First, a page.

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J Bone Miner Res. 1994 May;9(5):621-9.

Lack of involution of hyperplastic parathyroid glands in dogs: adaptation via a decrease in the calcium stimulation set point and a change in secretion profile.

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Centre de recherche clinique André-Viallet, Hôpital Saint-Luc, Montreal, Quebec, Canada.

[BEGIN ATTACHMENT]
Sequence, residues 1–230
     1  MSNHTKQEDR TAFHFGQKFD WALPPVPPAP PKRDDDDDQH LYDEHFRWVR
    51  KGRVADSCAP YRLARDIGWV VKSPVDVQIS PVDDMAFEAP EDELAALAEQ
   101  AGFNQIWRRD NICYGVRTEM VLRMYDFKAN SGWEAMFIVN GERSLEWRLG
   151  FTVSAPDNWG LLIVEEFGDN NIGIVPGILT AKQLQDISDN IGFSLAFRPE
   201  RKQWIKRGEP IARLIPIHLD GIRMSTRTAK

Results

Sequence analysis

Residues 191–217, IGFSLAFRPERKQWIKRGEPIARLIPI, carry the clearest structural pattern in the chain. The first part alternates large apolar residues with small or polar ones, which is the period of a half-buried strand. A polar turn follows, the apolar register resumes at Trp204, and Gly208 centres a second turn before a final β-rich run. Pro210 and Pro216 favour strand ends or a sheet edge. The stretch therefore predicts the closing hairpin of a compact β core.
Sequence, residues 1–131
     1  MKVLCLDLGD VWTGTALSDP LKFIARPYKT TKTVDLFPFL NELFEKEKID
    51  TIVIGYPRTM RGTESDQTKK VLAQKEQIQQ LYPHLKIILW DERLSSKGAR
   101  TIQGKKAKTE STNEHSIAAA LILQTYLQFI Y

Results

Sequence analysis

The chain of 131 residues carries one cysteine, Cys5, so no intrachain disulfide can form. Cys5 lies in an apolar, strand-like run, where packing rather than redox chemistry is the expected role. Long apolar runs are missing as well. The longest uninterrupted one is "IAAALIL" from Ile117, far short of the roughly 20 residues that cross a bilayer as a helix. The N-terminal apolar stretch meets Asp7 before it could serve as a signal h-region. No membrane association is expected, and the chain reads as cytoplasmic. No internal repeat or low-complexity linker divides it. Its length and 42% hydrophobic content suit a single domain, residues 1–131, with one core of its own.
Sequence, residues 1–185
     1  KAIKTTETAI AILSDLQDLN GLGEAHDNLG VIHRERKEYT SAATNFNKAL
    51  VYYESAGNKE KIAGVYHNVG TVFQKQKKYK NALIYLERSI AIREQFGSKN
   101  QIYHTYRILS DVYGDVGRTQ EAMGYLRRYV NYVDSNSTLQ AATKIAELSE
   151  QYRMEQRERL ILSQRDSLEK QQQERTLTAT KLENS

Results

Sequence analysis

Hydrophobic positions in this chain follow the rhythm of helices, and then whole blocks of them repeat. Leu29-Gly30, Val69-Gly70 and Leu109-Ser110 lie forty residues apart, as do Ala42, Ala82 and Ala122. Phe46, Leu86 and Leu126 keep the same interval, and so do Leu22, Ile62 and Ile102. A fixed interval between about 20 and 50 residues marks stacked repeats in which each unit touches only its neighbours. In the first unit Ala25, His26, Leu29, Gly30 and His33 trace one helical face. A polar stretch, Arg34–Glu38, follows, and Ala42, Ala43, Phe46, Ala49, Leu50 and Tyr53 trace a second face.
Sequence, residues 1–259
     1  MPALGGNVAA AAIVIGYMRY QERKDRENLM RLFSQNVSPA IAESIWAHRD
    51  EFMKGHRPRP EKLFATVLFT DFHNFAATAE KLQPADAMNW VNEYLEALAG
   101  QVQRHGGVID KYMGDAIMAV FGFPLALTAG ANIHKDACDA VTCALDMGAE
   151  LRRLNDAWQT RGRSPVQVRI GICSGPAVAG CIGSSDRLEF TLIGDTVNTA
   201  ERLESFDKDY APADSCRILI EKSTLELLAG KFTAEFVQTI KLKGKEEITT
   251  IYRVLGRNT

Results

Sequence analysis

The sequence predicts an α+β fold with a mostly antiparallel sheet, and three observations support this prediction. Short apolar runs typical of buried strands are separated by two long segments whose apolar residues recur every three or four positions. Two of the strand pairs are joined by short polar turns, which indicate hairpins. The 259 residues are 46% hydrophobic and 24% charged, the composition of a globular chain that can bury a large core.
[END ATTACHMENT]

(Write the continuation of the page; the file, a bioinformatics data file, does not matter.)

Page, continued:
This study analyzes the parathyroid function in four dogs before and after 2 years of a low-calcium, high-sodium, vitamin D-deficient diet and the involution of the same function following (1) correction of dietary calcium deficiency and administration of i.v. 1,25-(OH)2D (0.25 micrograms twice per day) during 1 month, (2) after an additional month of normal dog chow supplemented with oral vitamin D (25 micrograms per day), and, finally, (3) after 5 and 17 months of a diet with normal levels of calcium and vitamin D. The parathyroid function was evaluated through i.v. infusion of CaCl2 and Na2 EDTA with measurement of intact (I) and carboxyl-terminal (C) immunoreactive parathyroid hormone (iPTH). The C-iPTH/I-iPTH ratio was calculated to assess the modulation of molecular forms of iPTH induced by the various treatments. The 2 years of calcium and vitamin D deprivation lowered ionized calcium (1.23 +/- 0.04, p < 0.05) and 25-OHD (4.02 +/- 2.06 nM, p < 0.005) and tended to decrease 1,25-(OH)2D (80.8 +/- 8.6 pM); it increased basal I- and C-iPTH levels approximately eightfold (I-iPTH, 40.2 +/- 20.7, p < 0.05; C-iPTH, 185.4 +/- 94.9, p < 0.05) and stimulated I-iPTH (60.2 +/- 23.0 pM, p < 0.05) and C-iPTH (239.6 +/- 80.7 pM, p < 0.05) fivefold. A greater rise in nonsuppressible I-iPTH levels than in C-iPTH levels led to a decreased C-iPTH/I-iPTH ratio in hypercalcemia (12.5 +/- 2.8 versus 27.8 +/- 6.05 pM, p < 0.005).(ABSTRACT TRUNCATED AT 250 WORDS).

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